Life has always been a balancing act for University of Maryland alumna Samia Mahbub Ahmad (SOCY, PhD ’05, M.A. ’94): whether it’s balancing her time between homes in Bethesda, MD, South Africa and India, or balancing family responsibilities with the demands of a professional music career.
“Balance is one of the key ingredients in our lives,” Samia said.
One thing that has always brought balance to Samia’s life is her love for Hindustani classical music. A complex genre with a rich history dating back more than 5,000 years, Hindustani music is known for the unique way in which it organizes melodies and rhythms—known as the raga and tala—against the backdrop of a consistent pitch, called a drone.
“Hindustani music is not only a powerful genre in itself but also provides a powerful, overarching framework,” Samia said. “If trained properly in the classical field, one can reach out to many other genres of music in South Asia and beyond.”
For the past 20 years, Samia has been a professional performing and teaching artist of Hindustani classical music. She has traveled the world, won numerous awards and performed for high-profile individuals including Archbishop Desmond Tutu, and former President and First Lady Jimmy and Rosalynn Carter. Known primarily as a vocal artist, also plays the tanpura, a long-necked string instrument, as well as the harmonium, a wind keyboard instrument similar to an accordion.
Despite her lifelong passion for music, Samia was not always certain she would pursue it professionally. She also harbored a natural curiosity for sociology starting at a young age while growing up in Bangladesh and received her bachelor’s degree in the subject from Dhaka University (Bangladesh). In the early 90s, she relocated to Washington, D.C. with her 10-month old daughter and husband, where he was offered a job at the World Bank. Samia then decided to pursue a master’s and Ph.D. in sociology from UMD.
“Within the field of social sciences, I find sociology to be a rich confluence of several disciplines: economics, social psychology, demography, gender, social stratification, ethnicity and more. This multi-disciplinary and inclusive nature of sociology presented me with a lens to view the world more holistically,” Samia said.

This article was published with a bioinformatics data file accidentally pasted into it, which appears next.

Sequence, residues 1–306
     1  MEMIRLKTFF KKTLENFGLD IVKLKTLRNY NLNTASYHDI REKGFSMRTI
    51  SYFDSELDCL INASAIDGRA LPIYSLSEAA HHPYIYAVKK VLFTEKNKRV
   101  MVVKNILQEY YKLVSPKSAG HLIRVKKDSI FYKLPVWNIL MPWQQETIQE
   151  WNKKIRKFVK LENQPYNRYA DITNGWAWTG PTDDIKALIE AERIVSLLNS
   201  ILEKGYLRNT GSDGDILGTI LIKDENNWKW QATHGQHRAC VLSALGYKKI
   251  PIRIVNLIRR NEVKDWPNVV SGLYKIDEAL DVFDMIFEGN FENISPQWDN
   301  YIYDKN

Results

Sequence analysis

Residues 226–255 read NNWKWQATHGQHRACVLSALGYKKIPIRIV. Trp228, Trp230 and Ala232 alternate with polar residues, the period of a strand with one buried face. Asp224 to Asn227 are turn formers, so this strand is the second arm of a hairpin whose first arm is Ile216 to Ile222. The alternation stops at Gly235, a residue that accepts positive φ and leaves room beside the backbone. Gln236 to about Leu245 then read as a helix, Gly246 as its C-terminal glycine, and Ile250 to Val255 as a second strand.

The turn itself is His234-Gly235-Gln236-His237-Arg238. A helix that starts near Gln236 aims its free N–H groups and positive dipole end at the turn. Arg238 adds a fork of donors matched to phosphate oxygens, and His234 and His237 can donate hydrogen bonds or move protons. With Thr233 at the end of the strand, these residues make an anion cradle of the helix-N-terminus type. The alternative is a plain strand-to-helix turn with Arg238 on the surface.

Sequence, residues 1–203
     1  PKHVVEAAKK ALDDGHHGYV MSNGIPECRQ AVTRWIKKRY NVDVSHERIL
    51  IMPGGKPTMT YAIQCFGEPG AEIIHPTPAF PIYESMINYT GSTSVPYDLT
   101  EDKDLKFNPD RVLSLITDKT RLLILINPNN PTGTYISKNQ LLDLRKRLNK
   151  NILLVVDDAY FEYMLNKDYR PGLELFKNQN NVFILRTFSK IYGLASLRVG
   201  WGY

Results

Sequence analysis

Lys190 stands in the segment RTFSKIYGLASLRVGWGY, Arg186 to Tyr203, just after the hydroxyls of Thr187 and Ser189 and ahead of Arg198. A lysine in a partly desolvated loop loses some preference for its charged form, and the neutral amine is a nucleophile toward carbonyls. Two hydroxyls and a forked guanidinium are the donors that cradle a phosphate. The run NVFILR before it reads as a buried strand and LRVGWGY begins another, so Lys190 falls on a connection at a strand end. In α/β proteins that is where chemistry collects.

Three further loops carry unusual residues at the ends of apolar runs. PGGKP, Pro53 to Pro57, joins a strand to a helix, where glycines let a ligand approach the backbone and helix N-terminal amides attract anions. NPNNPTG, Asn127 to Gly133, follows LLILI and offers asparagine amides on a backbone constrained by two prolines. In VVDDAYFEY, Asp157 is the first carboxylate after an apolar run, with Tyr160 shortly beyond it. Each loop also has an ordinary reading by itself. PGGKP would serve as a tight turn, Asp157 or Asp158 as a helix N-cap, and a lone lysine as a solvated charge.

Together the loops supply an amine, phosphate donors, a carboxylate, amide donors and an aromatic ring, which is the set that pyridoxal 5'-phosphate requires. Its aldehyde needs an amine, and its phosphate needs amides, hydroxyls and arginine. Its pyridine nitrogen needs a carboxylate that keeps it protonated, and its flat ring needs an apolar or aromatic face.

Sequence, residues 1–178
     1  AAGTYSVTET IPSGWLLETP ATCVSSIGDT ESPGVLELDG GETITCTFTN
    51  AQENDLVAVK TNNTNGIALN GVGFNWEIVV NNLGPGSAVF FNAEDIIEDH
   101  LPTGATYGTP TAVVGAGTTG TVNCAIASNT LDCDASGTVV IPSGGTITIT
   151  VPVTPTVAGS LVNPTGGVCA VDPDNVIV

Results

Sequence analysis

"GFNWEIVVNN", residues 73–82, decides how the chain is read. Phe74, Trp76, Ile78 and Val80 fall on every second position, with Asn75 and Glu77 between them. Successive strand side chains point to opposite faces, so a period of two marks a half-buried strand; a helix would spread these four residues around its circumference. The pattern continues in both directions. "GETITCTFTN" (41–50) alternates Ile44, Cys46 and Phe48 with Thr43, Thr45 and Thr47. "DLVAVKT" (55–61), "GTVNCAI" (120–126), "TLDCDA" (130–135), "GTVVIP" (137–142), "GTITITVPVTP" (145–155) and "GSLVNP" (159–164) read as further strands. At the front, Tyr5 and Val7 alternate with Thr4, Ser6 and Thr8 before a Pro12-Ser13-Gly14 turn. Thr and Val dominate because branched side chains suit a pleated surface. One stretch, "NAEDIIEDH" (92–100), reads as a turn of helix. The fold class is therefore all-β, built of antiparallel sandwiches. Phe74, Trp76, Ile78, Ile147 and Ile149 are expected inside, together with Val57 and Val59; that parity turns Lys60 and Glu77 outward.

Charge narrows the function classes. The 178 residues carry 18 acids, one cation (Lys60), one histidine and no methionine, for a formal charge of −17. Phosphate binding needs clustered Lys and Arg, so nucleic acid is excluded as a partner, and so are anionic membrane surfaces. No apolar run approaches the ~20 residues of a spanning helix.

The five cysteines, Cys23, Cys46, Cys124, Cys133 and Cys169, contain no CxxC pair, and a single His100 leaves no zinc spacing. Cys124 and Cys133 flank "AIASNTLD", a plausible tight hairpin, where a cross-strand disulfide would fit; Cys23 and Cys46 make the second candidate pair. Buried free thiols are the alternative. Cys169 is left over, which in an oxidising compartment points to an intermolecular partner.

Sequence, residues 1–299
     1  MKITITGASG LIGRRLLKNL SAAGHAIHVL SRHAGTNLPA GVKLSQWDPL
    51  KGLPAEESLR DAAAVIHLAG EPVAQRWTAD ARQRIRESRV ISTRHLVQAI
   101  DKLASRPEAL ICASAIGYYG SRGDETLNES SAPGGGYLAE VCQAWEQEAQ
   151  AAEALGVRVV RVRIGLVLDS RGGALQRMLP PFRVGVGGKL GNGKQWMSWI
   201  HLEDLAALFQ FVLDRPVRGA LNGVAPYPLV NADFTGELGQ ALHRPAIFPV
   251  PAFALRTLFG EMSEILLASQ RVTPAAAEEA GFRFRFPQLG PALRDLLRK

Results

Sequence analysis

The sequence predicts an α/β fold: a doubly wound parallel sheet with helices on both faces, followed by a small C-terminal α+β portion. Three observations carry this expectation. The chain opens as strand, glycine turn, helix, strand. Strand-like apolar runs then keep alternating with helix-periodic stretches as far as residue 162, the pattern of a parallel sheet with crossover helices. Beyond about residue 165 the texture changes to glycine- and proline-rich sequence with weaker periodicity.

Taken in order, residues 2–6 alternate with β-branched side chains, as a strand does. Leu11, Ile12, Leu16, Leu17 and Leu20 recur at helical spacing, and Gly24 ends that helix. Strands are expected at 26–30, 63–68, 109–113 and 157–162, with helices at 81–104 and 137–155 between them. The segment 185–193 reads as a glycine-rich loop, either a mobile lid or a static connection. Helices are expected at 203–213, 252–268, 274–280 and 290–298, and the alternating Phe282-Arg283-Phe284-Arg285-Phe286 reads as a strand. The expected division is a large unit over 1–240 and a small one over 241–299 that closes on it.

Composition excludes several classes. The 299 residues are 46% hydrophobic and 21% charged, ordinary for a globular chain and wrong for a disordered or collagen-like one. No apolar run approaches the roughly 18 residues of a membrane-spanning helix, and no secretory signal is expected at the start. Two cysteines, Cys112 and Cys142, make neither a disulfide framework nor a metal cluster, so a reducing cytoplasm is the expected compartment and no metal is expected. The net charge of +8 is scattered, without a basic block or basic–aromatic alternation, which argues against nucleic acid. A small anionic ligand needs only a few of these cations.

As her degree completion drew to a close Samia found herself at a crossroad: She had to choose whether to continue on in academia as a sociologist or to devote herself full-time to her music.
“I decided to take an unconventional path to explore teaching, performing and recording for a year to see how it evolved. To my surprise and delight, the music practice flourished, and I ended up not looking back,” she said. “Even more powerful was the realization that I never actually stopped being a sociologist.”
Samia sees important parallels between her dual passions for music and sociology. For her, both are about connecting to people across boundaries.
“The universal language of music upholds a spirit of unity, in spite of differences in languages, ethnicity, race, culture or religion. Music celebrates commonalities in the midst of differences,” she said.
Today, Samia divides her time between India and Maryland, residing in each location for four months at a time. She follows a strict regimen of practicing her craft at least three hours a day and teaching three to four lessons a week. In the midst of it, Samia continues to stay in touch with wonderful friends she made while studying at UMD and to remain connected to the university overall through alumni events, performances and master classes.
As for the future, Samia hopes to widen her practice of music to forge a partnership with health practitioners who incorporate music to provide therapy to people faced withmental, physical and emotional challenges to help them cope and relax.
“As I said, I believe music has an inherent ability to bring balance in our lives,” she said.